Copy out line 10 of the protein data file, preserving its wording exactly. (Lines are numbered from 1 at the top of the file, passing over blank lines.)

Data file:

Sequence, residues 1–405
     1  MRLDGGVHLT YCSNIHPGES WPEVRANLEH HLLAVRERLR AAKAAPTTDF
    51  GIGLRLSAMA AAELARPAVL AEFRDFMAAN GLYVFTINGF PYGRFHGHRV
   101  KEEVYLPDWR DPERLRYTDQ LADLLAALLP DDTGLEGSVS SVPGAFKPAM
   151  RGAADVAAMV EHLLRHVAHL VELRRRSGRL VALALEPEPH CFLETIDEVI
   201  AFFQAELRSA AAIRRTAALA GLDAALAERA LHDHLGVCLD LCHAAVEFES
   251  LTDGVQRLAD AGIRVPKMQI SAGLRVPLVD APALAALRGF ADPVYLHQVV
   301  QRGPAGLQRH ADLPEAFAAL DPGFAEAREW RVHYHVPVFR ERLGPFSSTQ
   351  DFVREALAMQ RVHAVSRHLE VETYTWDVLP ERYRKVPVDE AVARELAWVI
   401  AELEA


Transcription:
   401  AELEA